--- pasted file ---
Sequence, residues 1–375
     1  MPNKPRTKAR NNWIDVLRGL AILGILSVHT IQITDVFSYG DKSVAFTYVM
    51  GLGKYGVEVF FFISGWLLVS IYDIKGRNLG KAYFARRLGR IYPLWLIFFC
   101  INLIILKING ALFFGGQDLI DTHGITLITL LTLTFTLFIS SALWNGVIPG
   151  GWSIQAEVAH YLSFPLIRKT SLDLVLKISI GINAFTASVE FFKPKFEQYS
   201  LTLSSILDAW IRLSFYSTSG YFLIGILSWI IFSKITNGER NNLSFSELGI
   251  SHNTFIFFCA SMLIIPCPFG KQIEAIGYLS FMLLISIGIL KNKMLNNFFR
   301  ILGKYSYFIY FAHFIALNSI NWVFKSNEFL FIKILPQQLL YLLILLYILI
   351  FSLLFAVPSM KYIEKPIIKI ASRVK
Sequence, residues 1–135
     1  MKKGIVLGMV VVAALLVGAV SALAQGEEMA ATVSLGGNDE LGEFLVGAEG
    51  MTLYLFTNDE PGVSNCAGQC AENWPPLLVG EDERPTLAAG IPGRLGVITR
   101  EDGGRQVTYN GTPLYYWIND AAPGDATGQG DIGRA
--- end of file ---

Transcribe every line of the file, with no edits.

Sequence, residues 1–375
     1  MPNKPRTKAR NNWIDVLRGL AILGILSVHT IQITDVFSYG DKSVAFTYVM
    51  GLGKYGVEVF FFISGWLLVS IYDIKGRNLG KAYFARRLGR IYPLWLIFFC
   101  INLIILKING ALFFGGQDLI DTHGITLITL LTLTFTLFIS SALWNGVIPG
   151  GWSIQAEVAH YLSFPLIRKT SLDLVLKISI GINAFTASVE FFKPKFEQYS
   201  LTLSSILDAW IRLSFYSTSG YFLIGILSWI IFSKITNGER NNLSFSELGI
   251  SHNTFIFFCA SMLIIPCPFG KQIEAIGYLS FMLLISIGIL KNKMLNNFFR
   301  ILGKYSYFIY FAHFIALNSI NWVFKSNEFL FIKILPQQLL YLLILLYILI
   351  FSLLFAVPSM KYIEKPIIKI ASRVK
Sequence, residues 1–135
     1  MKKGIVLGMV VVAALLVGAV SALAQGEEMA ATVSLGGNDE LGEFLVGAEG
    51  MTLYLFTNDE PGVSNCAGQC AENWPPLLVG EDERPTLAAG IPGRLGVITR
   101  EDGGRQVTYN GTPLYYWIND AAPGDATGQG DIGRA